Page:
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Year : 2021  |  Volume : 14  |  Issue : 1  |  Page : 73-80

The prevalence of specific gene polymorphisms related to thrombophilia in Egyptian women with recurrent pregnancy loss

1 Department of Human Genetics, Medical Research Institute, Alexandria, Egypt
2 Department of Clinical Pathology, Faculty of Medicine, Alexandria University, Alexandria, Egypt
3 Department of Obstetrics and Gynecology, Faculty of Medicine, Alexandria University, Alexandria, Egypt

Date of Submission19-Mar-2020
Date of Decision09-Jun-2020
Date of Acceptance13-Dec-2020
Date of Web Publication30-Mar-2021

Correspondence Address:
Dr. Lama M El-Attar
165 El-Horeya Rd., Al Ibrahimeyah Qebli WA Al Hadrah Bahri, Qesm Bab Sharqi, Alexandria
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Source of Support: None, Conflict of Interest: None

DOI: 10.4103/jhrs.JHRS_24_20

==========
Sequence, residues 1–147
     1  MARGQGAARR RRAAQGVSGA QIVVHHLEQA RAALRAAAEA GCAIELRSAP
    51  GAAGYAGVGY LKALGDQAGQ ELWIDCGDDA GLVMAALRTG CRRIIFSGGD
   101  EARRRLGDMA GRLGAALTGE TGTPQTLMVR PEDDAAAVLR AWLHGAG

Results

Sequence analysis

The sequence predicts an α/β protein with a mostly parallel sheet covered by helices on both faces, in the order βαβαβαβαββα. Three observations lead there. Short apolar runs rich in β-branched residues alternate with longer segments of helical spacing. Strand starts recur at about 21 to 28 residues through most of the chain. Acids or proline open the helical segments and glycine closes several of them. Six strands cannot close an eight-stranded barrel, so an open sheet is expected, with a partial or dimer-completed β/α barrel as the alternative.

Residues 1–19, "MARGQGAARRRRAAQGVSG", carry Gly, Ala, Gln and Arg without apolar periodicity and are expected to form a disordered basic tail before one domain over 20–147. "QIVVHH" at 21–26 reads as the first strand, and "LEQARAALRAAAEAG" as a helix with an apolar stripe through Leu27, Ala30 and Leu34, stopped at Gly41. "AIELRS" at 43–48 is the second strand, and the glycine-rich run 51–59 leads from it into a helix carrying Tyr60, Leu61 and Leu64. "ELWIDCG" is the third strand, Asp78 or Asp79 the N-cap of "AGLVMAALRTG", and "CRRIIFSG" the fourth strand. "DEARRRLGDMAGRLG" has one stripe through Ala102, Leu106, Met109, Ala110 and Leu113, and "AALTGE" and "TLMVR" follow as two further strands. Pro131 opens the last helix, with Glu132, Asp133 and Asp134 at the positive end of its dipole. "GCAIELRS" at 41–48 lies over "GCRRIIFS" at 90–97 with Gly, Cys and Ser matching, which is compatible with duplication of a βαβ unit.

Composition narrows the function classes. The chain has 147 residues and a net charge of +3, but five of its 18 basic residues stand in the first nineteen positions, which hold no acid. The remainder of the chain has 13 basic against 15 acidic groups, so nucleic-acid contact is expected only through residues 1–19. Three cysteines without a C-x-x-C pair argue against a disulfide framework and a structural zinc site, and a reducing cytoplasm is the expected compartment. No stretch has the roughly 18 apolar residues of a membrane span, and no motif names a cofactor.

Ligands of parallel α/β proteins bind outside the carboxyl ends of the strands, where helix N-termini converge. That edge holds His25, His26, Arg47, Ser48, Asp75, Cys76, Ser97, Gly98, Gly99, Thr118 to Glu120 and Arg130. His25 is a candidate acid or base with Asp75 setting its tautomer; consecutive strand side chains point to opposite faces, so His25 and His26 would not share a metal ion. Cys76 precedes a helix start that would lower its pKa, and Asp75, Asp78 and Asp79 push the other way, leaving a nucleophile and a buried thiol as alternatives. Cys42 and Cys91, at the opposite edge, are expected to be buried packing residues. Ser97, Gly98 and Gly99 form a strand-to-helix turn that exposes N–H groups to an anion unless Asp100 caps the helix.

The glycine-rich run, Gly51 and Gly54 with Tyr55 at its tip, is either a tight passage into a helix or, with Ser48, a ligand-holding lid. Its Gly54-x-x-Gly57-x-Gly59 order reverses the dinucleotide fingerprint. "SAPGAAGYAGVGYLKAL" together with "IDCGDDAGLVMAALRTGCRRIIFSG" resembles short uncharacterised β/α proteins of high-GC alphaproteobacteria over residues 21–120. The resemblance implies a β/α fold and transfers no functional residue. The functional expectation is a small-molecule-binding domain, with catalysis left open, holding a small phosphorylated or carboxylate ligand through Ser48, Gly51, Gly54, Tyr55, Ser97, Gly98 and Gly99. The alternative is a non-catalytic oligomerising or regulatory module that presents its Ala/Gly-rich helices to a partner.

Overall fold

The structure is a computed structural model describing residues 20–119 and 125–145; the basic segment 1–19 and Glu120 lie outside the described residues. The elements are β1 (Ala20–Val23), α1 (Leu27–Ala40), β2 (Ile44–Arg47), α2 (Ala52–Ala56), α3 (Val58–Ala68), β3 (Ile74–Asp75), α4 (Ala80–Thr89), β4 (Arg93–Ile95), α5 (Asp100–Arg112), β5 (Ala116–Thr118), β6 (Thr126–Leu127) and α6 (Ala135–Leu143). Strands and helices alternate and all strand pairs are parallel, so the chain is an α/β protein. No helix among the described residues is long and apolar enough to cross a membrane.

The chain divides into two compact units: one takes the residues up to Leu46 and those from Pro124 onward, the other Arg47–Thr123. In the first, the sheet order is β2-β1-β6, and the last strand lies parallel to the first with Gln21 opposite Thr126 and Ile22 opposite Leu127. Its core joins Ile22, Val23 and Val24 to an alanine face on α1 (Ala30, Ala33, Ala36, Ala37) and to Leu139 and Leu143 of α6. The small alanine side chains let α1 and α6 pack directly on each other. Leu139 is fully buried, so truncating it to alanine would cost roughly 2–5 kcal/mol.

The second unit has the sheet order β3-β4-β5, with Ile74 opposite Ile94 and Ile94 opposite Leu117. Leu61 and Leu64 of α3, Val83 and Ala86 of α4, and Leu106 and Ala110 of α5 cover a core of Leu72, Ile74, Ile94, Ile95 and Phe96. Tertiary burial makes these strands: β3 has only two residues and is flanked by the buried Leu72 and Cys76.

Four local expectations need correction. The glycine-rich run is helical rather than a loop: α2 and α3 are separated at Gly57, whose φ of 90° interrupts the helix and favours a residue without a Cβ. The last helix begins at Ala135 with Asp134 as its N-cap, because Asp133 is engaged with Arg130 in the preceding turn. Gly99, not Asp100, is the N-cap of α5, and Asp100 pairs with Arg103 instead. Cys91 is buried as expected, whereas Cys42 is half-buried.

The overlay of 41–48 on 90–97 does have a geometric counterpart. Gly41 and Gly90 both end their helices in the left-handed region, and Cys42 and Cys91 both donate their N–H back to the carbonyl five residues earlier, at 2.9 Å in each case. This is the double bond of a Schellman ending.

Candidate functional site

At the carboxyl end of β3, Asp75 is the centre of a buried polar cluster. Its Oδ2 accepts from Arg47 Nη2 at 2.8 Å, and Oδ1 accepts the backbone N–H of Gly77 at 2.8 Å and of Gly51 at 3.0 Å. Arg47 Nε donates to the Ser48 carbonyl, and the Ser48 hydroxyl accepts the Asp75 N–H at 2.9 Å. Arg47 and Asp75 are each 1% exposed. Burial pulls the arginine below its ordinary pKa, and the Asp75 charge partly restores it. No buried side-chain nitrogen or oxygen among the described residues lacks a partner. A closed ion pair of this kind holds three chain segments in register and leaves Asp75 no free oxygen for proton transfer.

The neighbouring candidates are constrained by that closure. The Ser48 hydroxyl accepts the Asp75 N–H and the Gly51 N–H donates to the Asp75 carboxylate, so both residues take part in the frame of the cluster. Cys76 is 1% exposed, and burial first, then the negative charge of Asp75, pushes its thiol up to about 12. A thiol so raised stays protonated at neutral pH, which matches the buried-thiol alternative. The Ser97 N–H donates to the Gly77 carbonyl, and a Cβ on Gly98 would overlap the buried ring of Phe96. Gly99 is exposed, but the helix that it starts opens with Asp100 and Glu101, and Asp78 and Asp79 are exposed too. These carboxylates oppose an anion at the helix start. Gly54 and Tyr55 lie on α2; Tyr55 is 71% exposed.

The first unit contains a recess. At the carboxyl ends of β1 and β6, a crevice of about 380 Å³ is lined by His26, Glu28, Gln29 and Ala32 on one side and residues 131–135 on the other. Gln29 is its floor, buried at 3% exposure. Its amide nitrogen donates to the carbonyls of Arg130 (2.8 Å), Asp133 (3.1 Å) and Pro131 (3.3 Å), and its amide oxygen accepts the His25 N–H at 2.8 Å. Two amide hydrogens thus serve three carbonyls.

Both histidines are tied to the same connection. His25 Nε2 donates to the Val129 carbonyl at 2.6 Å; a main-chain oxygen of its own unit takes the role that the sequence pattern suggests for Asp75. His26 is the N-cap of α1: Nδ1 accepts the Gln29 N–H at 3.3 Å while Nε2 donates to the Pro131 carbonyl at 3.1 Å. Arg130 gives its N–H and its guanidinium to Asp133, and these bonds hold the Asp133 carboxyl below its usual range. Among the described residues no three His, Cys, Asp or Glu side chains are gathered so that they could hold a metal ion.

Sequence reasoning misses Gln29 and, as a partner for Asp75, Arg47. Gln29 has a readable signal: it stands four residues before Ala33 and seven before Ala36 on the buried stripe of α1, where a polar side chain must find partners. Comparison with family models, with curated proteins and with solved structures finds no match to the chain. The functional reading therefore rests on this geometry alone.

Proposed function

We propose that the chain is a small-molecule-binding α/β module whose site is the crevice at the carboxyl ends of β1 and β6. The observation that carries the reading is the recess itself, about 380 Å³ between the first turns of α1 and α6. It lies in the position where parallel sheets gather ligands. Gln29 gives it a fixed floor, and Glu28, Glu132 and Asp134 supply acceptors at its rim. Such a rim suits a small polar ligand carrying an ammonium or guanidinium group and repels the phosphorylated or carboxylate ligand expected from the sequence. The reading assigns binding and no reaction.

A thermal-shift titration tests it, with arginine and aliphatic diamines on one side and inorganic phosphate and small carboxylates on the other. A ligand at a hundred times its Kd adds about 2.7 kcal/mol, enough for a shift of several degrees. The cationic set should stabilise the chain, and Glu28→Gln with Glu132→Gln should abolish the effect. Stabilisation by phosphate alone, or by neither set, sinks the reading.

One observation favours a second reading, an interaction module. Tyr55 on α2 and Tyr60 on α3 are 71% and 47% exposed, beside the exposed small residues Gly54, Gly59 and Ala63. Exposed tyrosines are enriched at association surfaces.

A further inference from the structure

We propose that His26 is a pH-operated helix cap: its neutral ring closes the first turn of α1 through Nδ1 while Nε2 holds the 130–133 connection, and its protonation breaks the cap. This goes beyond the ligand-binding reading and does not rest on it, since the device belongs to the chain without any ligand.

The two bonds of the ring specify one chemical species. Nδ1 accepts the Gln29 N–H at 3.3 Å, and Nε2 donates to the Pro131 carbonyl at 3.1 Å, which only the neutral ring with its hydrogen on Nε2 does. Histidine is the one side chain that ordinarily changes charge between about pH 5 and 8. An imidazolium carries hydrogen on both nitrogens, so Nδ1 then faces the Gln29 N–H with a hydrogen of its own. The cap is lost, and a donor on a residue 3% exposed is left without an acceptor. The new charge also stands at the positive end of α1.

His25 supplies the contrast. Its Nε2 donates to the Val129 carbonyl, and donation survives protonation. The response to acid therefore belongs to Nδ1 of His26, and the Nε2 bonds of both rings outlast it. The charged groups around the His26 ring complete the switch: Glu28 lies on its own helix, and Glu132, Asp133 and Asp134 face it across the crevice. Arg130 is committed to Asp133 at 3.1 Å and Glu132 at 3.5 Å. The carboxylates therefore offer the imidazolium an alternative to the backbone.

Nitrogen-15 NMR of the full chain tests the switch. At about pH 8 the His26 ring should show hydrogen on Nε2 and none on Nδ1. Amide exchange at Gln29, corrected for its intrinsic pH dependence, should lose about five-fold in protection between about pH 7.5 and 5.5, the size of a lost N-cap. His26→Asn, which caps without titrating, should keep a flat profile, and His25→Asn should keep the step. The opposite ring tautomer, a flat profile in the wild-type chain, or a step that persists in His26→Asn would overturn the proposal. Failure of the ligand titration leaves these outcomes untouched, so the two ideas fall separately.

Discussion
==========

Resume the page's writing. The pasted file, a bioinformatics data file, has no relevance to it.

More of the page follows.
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Background: Despite the enhanced progress in identifying a number of leading causes to fetal miscarriage, still some women suffer from recurrent pregnancy loss (RPL) for unknown cause. A hidden genetic influence of coexisting hereditary thrombophilia was assumed to have a role. Aim: The aim was to investigate the association between unexplained RPL and thrombophilic gene variants of angiotensin I-converting enzyme (ACE) (rs4646994) and β -fibrinogen (rs1800790) genes. Settings and Design: The present case–control study was conducted on unexplained RPL in eighty women and eighty matched controls with no history of previous pregnancy loss. Materials and Methods: Analysis of extracted DNA was performed using polymerase chain reaction-restriction fragment length polymorphism method. Statistical Analysis: The frequency of genotypes and alleles was compared between groups using Chi-square test or Fisher's exact test. Risk assessment was made by odds ratio (OR) at a 95% confidence interval (CI). Results: Women with RPL group had higher frequency of DD than controls (47.5%, 31.25%, respectively, P = 0.086). D allele frequency was 0.67 and 0.54 in the control (P = 0.022). D allele carriers were at higher risk of RPL than the control as OR was 1.694 at 95% CI from 1.08 to 2.67. There was no association between the rs1800790 variant of β -fibrinogen gene and RPL. Conclusion: Females who are carriers for D allele of ACE I/D gene polymorphism are more liable to suffer from RPL. Screening for hereditary thrombophilia in females who are planning to conceive and have a history of RPL of unidentified cause is of great value to provide proper management and genetic counseling to high-risk couples.